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GABAergic and glycinergic inhibitory synaptic transmission in the ventral cochlear nucleus studied in VGAT channelrhodopsin-2 mice.

Xie R, Manis PB - Front Neural Circuits (2014)

Bottom Line: During prolonged stimulation, the ratio of steady state vs. peak IPSC amplitude was significantly lower for glycinergic IPSCs.In the absence of receptor blockers, repetitive light stimulation was only able to effectively evoke IPSCs up to 20 Hz in both bushy and multipolar neurons.We conclude that local GABAergic release within the VCN can differentially influence bushy and multipolar cells.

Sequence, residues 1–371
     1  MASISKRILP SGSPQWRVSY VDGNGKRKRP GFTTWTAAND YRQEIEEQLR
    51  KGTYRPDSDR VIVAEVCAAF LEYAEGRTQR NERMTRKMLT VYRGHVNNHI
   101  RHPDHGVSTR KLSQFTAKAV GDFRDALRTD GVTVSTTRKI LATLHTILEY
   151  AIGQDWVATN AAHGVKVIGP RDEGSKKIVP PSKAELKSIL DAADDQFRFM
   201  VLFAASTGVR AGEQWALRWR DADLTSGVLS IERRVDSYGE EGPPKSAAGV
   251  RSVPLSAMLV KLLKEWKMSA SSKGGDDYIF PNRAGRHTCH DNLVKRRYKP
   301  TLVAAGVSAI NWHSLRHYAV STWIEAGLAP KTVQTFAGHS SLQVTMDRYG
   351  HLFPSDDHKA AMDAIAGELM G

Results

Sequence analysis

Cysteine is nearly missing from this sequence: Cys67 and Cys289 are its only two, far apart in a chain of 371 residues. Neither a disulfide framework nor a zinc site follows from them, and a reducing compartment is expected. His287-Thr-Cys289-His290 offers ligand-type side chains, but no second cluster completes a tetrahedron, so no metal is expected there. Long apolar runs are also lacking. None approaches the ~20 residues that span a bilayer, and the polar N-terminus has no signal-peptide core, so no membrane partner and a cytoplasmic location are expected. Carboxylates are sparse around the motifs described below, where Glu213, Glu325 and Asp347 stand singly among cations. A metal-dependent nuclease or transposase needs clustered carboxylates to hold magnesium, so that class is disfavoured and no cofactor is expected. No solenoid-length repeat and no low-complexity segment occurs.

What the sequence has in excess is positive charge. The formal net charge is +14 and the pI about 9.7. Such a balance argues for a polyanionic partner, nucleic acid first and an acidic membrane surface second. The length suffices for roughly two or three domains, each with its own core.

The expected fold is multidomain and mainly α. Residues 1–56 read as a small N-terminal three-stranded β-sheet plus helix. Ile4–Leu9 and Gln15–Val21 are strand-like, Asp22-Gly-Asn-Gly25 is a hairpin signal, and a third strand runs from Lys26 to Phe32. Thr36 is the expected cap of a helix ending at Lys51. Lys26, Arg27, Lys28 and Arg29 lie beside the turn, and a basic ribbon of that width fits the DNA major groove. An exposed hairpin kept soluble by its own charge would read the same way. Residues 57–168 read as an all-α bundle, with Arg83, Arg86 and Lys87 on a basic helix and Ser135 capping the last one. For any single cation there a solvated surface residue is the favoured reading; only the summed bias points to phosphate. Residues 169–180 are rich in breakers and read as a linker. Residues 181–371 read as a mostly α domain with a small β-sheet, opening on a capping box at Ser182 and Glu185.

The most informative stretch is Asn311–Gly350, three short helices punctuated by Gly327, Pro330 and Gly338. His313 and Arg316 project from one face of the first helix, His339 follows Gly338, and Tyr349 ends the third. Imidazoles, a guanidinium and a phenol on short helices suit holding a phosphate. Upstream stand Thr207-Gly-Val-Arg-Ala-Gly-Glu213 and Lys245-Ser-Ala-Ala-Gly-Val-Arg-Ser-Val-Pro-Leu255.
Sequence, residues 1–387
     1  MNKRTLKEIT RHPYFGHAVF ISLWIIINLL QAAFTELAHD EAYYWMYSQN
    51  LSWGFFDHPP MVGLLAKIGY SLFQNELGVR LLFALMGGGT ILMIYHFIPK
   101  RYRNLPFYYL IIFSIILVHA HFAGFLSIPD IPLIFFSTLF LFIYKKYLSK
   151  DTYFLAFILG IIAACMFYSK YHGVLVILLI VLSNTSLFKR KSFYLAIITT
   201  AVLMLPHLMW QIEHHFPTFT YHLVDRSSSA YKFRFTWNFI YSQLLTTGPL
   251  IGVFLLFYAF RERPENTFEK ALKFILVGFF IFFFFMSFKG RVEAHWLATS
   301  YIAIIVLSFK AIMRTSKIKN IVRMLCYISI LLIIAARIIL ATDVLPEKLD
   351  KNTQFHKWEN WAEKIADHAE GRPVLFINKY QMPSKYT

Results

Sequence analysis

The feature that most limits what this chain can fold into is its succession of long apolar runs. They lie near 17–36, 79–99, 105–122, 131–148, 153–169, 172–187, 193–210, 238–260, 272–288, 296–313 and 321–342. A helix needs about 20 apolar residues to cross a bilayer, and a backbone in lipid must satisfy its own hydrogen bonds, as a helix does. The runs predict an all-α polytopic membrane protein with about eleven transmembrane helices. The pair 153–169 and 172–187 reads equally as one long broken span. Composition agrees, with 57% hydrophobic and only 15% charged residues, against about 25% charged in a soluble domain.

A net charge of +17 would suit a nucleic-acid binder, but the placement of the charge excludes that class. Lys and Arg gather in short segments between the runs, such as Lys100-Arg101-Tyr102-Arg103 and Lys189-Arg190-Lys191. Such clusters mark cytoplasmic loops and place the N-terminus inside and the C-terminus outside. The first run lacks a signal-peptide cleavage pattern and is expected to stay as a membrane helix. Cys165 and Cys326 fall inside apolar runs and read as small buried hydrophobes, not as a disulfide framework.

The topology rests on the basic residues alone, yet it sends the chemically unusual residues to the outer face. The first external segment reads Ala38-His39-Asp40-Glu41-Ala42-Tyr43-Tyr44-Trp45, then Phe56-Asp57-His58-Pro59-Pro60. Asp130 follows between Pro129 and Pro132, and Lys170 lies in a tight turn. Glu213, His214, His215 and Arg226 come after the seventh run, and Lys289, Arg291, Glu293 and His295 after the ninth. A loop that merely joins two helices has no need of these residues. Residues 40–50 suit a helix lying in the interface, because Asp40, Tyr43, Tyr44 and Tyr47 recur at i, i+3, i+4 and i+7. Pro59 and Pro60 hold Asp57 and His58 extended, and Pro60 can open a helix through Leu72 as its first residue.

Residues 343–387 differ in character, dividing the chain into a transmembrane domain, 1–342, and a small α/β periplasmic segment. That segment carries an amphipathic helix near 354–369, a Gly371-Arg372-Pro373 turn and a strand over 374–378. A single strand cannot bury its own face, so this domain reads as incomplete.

View Article: PubMed Central - PubMed

Affiliation: Department of Otolaryngology/Head and Neck Surgery, University of North Carolina at Chapel Hill Chapel Hill, NC, USA.

ABSTRACT